The Short Empire flying boat is a British designed aircraft which was in commercial service from 1937 to 1947. The airlines operating the aircraft were Imperial Airways, Qantas Empire Airways and TEAL. All three airlines are still with us today as British Airways, Qantas and Air New Zealand.

World War II resulted in many long runways being built on land which made the flying boat redundant as an airliner. Therefore it is a very interesting and short lived period in aviation history where the flying boat was queen of the sky.

The Qantas Flying Boat

This little video lasts for just over one minute and I learned the aircraft could carry 24 passengers and 1.5 tons of mail while cruising at 214 km/h over a 1,287km range.

What I really like about the video are the vintage shots of the aircraft in Australia. There is also a cute story about Qantas which is worth hearing. I doubt they could do that kind of thing with Qantas today!

Another Empire Flying Boat

British Pathé have a great online archive of original newsreels they have uploaded to YouTube. There are many shots of the exterior of the flying boat in this 48 second video and what is most surprising to me is how small it is. Compare the people in the boat to the aircraft.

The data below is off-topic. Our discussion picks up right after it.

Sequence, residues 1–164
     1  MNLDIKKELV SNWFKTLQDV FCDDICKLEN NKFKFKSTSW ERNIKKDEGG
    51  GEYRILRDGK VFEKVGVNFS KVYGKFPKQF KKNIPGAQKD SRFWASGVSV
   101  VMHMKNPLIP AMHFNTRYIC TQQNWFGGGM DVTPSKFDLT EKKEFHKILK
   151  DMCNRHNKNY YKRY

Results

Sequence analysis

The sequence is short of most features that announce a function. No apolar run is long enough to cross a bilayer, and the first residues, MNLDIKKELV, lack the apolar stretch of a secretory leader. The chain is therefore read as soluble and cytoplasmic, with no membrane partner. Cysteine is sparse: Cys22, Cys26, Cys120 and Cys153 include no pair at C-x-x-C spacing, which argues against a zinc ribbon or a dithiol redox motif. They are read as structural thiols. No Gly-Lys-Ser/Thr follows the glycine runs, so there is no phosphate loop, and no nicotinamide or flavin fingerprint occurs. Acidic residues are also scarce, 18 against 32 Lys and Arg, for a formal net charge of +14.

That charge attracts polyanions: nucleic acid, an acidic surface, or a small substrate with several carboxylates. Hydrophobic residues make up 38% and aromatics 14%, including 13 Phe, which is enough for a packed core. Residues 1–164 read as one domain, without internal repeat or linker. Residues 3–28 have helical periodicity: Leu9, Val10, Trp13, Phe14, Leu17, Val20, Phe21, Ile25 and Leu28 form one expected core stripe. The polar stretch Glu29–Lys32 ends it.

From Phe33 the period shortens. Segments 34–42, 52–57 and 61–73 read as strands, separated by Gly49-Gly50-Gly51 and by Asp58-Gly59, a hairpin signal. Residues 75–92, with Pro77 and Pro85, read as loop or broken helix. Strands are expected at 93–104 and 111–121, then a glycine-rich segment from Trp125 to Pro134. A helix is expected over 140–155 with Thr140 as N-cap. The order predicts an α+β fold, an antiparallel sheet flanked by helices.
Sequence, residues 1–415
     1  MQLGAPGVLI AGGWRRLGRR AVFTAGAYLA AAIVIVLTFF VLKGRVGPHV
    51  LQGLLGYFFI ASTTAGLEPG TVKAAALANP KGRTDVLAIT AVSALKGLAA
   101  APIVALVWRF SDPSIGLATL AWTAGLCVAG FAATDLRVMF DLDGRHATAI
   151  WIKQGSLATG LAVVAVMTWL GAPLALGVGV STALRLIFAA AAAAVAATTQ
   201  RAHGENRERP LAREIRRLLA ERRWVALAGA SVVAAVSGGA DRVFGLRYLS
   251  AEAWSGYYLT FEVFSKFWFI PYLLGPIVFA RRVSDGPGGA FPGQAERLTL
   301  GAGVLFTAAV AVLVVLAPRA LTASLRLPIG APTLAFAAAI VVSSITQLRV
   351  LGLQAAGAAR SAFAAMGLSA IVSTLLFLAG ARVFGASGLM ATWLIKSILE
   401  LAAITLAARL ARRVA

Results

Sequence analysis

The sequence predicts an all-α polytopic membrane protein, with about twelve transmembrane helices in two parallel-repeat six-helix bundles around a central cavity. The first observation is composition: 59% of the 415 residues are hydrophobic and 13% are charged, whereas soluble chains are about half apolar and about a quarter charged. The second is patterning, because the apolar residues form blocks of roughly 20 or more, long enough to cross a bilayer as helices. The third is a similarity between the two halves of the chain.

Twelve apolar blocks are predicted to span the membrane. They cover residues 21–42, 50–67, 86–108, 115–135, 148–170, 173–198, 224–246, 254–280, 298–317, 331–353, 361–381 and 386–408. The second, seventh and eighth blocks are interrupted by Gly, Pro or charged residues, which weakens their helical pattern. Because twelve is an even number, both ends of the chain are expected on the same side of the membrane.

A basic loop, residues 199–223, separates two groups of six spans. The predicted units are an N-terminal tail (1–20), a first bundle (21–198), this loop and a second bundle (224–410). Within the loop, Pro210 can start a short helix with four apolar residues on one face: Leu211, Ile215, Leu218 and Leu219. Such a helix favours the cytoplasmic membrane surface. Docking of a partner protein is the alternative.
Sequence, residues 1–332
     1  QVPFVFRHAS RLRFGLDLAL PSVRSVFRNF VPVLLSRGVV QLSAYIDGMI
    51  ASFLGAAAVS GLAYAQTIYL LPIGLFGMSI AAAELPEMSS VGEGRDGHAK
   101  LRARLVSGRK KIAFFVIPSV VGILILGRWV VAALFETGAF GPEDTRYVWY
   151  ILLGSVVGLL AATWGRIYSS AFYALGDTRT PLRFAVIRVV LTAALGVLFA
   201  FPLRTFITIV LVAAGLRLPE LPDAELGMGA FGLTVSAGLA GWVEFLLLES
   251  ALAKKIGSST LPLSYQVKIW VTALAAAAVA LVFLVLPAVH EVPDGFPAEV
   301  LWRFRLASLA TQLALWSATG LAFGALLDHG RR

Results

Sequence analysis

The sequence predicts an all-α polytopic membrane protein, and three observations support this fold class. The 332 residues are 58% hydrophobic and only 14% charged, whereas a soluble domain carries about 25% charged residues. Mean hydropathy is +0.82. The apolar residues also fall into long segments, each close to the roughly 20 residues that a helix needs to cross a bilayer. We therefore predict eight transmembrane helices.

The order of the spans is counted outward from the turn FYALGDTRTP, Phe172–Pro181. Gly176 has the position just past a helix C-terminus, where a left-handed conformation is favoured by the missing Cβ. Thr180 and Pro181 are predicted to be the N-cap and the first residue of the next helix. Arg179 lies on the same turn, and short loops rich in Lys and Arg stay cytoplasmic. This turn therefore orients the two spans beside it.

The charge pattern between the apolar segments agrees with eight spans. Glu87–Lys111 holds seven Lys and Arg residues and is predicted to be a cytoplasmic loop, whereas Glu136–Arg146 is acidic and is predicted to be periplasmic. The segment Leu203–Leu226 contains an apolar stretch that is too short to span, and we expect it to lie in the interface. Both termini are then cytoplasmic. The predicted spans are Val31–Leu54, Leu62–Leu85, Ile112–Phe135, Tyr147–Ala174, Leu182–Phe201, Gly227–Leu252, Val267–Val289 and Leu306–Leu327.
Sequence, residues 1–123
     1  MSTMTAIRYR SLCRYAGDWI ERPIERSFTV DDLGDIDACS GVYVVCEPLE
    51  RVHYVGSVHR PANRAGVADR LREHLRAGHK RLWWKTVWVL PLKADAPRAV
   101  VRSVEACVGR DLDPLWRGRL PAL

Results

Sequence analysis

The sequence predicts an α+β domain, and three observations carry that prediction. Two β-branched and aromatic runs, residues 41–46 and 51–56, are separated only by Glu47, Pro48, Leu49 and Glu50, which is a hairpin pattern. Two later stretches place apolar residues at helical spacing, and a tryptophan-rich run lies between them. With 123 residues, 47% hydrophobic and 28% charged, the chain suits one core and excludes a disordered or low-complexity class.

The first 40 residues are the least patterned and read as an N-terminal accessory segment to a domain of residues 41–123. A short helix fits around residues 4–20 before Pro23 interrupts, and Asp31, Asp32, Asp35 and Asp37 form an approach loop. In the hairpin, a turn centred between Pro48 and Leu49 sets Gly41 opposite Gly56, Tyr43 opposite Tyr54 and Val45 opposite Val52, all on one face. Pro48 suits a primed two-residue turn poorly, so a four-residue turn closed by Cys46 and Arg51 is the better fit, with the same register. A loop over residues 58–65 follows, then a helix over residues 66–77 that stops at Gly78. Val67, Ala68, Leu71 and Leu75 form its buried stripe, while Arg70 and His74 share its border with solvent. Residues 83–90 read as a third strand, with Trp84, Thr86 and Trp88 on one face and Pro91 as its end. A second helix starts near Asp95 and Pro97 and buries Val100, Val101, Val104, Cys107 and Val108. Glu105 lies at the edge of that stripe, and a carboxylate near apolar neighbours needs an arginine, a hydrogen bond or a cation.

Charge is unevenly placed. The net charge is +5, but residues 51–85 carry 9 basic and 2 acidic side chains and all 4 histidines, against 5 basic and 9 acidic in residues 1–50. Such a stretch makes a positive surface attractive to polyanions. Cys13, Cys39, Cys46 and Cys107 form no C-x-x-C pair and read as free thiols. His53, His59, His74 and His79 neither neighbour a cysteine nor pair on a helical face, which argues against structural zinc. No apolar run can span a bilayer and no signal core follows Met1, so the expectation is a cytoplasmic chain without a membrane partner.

Happily there are interior cabin shots including the meal service and the galley. I love how they are boasting about the fact it will take only “85 flying hours” to get from Australia to the UK. Considering the journey is about six weeks by ship, 85 hours is quite revolutionary by comparison.

Hooked? Here’s A Long One For You!

If those videos whet your appetite and you want more, the one below is for you. It’s called From Sea To Sky: The Story of the Flying Boats. Clocking in at just over an hour and a quarter, this documentary provides a very comprehensive look at the flying boat in Australia.

It covers pre-war, World War II and post-war service of the various types of flying boats, including the Catalina, Short Sandringham and others. If you don’t want to watch it, watch it for twenty seconds from the 6 minute 30 second mark.

Overall Thoughts

It is a crying shame that no Short Empire flying boat exists today. The last one was scrapped in 1948 so there is no chance I will ever get to see one, let alone actually fly in one. It is an interesting period in aviation history that we should remember.

Of course, the American’s had some excellent flying boats too, but that is a post for another day. Thank you for reading and if you have any comments or questions, please leave them below.

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Featured image via Qantas.